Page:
- Flashlights are safest for lighting, unlike candles which can be a fire hazard.
- Fully charge your cell phone, laptop, and any other devices before the storm.
- Ensure that you have extra batteries as part of your family’s emergency kit.
- If you own a car, purchase a car phone charger so that you can charge your phone if you lose power at your home.
- Consider purchasing a generator to provide power during an outage. Follow the manufacturer’s instructions and guidelines when using a generator.
- Always use outdoors, away from windows and doors. Carbon Monoxide fumes are odorless and can quickly accumulate indoors.
- Never try to power the house wiring by plugging the generator directly into household wiring, a practice known as “backfeeding.” This is extremely dangerous and presents an electrocution risk to utility workers and neighbors served by the same utility transformer. It also bypasses some of the built-in household circuit protection devices.
- Consider the benefits of a wholehouse generator; they will turn automatically even if you are not home.
- Don’t get overheated. If the power goes out when it is hot outside, stay in the lowest level of your home where it will be coolest, put on light-weight, light-colored clothing, and drink lots of water. Remember to give your pets and/or service animals fresh, cool water; and if you need it, see if your community has “cooling centers” or shelters open.
- Do not call 9-1-1 to report your power outage or to ask for information; use 9-1-1 only for emergencies. Contact your utility company to report the outage and get restoration information.
- Check in on friends, family, and neighbors, particularly those most susceptible to extreme temperatures and power outages such as seniors and those with access and functional needs.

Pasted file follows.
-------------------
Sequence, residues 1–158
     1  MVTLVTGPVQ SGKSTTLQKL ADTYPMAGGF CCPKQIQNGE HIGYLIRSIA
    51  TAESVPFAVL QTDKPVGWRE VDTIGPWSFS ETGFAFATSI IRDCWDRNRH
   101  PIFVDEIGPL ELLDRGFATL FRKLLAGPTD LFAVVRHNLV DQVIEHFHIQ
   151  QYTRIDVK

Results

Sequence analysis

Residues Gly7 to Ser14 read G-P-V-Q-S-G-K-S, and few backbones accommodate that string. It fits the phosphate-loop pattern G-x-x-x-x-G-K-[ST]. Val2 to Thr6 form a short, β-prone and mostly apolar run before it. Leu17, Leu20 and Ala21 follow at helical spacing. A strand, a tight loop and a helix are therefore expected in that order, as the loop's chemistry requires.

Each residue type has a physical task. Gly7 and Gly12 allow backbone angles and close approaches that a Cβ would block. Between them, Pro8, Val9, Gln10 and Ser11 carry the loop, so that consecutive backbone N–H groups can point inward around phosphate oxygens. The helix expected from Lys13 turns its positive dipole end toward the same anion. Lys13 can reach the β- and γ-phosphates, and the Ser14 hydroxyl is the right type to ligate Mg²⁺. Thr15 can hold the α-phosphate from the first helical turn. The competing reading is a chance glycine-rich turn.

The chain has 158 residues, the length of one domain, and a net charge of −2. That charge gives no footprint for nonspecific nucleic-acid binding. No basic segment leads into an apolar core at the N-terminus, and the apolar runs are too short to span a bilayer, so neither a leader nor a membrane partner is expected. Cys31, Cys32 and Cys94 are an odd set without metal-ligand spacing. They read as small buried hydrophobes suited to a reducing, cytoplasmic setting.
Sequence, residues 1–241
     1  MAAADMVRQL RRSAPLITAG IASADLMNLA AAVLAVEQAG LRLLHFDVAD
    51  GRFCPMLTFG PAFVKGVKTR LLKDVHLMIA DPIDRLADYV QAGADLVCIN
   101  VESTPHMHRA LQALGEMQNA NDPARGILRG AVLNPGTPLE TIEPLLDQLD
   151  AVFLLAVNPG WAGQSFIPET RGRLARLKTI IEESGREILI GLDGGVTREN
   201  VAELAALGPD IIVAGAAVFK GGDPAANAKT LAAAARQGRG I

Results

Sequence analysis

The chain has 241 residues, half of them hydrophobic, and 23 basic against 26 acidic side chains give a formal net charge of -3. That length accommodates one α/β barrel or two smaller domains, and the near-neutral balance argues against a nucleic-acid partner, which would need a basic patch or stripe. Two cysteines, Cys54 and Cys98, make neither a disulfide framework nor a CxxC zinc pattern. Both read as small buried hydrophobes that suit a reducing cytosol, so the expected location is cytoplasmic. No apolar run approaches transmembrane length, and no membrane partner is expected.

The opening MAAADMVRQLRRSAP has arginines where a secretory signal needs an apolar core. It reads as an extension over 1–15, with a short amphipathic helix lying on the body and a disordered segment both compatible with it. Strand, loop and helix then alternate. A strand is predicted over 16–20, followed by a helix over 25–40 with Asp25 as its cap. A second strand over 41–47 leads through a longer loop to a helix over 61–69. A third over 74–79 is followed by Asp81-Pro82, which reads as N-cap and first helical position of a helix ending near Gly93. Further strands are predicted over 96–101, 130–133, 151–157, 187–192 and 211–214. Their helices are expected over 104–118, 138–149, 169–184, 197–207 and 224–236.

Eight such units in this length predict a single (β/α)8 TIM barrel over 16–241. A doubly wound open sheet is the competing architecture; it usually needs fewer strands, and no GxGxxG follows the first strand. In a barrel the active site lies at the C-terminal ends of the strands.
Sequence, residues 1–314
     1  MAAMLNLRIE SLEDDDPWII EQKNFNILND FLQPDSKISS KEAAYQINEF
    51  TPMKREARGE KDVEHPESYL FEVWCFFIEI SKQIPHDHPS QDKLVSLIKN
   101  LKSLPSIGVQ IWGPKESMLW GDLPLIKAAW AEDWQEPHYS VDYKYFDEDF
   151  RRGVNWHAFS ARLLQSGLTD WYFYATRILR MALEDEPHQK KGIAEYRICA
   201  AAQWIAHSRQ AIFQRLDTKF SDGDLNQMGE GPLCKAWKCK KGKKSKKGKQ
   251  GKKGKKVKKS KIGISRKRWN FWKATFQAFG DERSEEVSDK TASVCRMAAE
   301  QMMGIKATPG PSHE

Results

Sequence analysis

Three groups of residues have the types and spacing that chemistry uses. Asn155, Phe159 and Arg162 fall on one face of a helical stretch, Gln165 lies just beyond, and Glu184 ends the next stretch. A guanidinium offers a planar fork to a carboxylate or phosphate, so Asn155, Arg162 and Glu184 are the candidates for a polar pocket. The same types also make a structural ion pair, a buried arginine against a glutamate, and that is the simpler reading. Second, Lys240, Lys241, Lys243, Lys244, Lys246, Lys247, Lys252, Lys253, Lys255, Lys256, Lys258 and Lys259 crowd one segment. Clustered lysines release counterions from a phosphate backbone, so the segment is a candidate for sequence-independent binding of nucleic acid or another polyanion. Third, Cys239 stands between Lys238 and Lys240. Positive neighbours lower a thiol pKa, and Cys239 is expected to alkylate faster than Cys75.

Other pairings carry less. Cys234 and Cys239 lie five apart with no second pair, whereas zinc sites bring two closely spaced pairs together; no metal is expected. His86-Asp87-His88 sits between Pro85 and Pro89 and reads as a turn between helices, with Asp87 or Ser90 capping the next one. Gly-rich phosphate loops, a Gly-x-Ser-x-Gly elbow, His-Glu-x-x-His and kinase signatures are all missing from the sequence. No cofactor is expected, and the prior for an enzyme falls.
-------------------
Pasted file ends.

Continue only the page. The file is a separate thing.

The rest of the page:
After the storm:
- In order to protect against possible voltage irregularities that can occur when power is restored, you should unplug all sensitive electronic equipment, including TVs, stereos, microwave ovens, computers, cordless telephones, answering machines and garage door openers.
- Leave one light on so that you will know when your power returns.
- Be extra cautious if you go outside to inspect for damage after a storm. Downed or hanging electrical wires can be hidden by trees or debris. Never attempt to touch or moved downed lines. Keep children and pets away from them.
- Call your utility company to report any outage-related problem such as downed wires.
- Throw away any food that has been exposed to temperatures 40° F (4° C) for two or more hours or if it has an unusual odor, color or texture. When in doubt, throw it out!
The best way to be prepared… have a safety inspection conducted by the professionals at Mister Sparky. They can help ensure you are ready to handle whatever comes your way. Make an appointment now and remember, you can SAVE $50 on any electric repair.
Could your electrical outlet start a fire?
We all take our electric outlets around the home, office, or anywhere else for granted. But are they putting our home, our possessions, and even our families, at risk? The answer is, possibly. But that’s not all.
Here are some of the primary causes of electrical fires:
Faulty outlets and appliances
Many home fires are caused by faulty electrical outlets or old appliances. Sometimes these fires start due to tears or splits in appliance cords, or in wiring in receptacles and switches. If an appliance has an old frayed cord, it’s time to replace it. The heat generated can escape the cord and start a fire when it comes into contact with combustible surfaces such as floors, curtains, and rugs.
We also count on the light given off by lamps and other light fixtures. But these very lamps and light bulbs are another common reason for electrical fires in our homes. In fact, if you install a light bulb that has a wattage that is too high for the lamps and light fixtures, you are putting your home at risk of a fire. You should always check the maximum recommended bulb wattage on any lighting fixture or lamp and never go over that recommended amount.